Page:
Don’t let procrastination take over your life. Here, I will share my personal steps on how to stop procrastinating. These 11 steps will definitely apply to you too:

1. Break Your Work into Little Steps

Part of the reason why we procrastinate is because subconsciously, we find the work too overwhelming for us. Break it down into little parts, then focus on one part at the time. If you still procrastinate on the task after breaking it down, then break it down even further. Soon, your task will be so simple that you will be thinking “gee, this is so simple that I might as well just do it now!”.

For example, I’m currently writing a new book (on How to achieve anything in life). Book writing at its full scale is an enormous project and can be overwhelming. However, when I break it down into phases such as –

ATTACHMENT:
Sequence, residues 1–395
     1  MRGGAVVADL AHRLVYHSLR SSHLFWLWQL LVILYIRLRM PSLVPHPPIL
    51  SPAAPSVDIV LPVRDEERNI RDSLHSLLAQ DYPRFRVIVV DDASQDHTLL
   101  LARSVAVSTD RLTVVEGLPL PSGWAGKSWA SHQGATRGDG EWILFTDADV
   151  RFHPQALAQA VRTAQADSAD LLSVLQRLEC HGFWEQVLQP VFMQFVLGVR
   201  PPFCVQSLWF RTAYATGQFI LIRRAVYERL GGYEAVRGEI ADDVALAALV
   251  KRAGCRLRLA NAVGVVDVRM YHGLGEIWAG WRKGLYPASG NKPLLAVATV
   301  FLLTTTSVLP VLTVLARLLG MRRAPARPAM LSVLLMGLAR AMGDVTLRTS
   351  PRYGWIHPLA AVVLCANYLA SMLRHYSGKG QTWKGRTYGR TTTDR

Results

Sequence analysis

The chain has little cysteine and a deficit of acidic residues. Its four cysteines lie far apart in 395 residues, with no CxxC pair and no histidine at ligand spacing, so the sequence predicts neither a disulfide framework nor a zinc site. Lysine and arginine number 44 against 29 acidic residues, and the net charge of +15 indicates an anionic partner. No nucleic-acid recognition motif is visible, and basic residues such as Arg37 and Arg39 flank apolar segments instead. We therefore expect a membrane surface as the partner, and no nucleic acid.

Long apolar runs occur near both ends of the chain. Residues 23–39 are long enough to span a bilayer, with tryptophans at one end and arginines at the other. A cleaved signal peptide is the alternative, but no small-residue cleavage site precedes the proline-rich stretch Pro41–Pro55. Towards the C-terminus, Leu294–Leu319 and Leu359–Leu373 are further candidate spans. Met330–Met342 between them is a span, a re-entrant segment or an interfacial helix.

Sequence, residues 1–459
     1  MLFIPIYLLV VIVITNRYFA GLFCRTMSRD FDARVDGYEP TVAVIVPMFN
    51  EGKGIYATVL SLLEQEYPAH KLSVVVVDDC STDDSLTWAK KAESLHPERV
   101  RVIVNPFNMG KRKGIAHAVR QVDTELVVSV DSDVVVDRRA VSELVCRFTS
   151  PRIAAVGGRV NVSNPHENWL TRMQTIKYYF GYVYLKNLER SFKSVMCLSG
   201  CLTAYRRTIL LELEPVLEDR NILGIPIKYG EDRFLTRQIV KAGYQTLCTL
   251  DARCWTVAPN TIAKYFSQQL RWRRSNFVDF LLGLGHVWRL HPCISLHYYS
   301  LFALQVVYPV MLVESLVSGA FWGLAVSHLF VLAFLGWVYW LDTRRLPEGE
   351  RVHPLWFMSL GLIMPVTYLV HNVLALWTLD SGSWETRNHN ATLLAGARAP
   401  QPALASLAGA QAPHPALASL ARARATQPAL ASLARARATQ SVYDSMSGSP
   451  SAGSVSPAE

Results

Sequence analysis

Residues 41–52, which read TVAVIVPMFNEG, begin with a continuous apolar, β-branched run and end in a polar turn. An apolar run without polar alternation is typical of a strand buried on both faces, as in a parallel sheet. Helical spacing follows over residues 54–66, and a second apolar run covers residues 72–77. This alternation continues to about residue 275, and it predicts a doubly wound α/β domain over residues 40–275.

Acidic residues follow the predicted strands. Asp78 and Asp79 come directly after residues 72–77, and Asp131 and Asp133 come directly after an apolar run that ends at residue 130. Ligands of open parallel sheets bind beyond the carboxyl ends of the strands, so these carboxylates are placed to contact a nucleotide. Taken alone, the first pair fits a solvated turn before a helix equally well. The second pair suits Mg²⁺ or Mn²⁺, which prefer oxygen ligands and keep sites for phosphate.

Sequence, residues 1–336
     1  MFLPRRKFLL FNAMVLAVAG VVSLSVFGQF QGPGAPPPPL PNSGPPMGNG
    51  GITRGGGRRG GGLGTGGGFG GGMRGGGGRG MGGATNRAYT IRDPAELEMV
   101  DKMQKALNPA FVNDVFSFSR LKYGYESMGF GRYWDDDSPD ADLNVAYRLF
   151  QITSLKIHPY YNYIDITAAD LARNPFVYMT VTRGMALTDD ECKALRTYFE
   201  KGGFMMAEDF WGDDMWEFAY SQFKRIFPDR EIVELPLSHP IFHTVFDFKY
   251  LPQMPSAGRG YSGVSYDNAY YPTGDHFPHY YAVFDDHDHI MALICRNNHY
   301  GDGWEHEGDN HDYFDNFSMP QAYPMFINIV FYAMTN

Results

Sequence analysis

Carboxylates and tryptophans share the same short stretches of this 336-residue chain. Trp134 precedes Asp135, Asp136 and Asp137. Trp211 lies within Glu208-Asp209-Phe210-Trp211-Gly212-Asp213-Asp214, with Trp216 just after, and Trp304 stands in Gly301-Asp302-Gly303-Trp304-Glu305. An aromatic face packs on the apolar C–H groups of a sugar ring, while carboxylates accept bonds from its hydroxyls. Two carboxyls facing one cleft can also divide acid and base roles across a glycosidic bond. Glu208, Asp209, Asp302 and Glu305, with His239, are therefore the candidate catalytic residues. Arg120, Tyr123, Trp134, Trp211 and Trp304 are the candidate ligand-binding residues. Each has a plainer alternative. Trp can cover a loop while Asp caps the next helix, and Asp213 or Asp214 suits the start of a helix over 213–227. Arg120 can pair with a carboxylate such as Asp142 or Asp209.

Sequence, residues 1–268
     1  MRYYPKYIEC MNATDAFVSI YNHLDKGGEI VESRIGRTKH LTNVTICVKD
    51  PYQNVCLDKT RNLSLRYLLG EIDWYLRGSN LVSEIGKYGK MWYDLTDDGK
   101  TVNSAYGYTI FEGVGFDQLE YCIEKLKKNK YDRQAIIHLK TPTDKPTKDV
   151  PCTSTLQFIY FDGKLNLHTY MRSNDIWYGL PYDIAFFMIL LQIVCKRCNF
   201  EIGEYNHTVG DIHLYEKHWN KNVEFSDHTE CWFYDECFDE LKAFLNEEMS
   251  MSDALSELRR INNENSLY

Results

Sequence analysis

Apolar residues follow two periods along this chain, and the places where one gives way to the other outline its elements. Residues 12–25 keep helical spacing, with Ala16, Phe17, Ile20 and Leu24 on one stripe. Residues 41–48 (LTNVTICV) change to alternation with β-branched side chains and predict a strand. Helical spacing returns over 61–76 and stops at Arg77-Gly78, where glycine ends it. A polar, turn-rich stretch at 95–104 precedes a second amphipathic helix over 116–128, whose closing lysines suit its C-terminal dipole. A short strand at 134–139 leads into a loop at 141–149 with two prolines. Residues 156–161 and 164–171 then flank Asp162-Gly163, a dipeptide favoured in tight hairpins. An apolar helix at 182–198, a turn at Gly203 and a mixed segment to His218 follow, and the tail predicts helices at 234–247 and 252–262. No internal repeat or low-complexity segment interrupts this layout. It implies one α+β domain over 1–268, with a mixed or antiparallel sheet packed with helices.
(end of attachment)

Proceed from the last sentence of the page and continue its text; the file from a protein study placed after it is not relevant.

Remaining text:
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  • (1) Research
  • (2) Deciding the topic
  • (3) Creating the outline
  • (4) Drafting the content
  • (5) Writing Chapters #1 to #10,
  • (6) Revision
  • (7) etc.

Suddenly it seems very manageable. What I do then is to focus on the immediate phase and get it done to my best ability, without thinking about the other phases. When it’s done, I move on to the next.

2. Change Your Environment

Different environments have different impact on our productivity. Look at your work desk and your room. Do they make you want to work or do they make you want to snuggle and sleep? If it’s the latter, you should look into changing your workspace.

One thing to note is that an environment that makes us feel inspired before may lose its effect after a period of time. If that’s the case, then it’s time to change things around. Refer to Steps #2 and #3 of 13 Strategies To Jumpstart Your Productivity, which talks about revamping your environment and workspace.

3. Create a Detailed Timeline with Specific Deadlines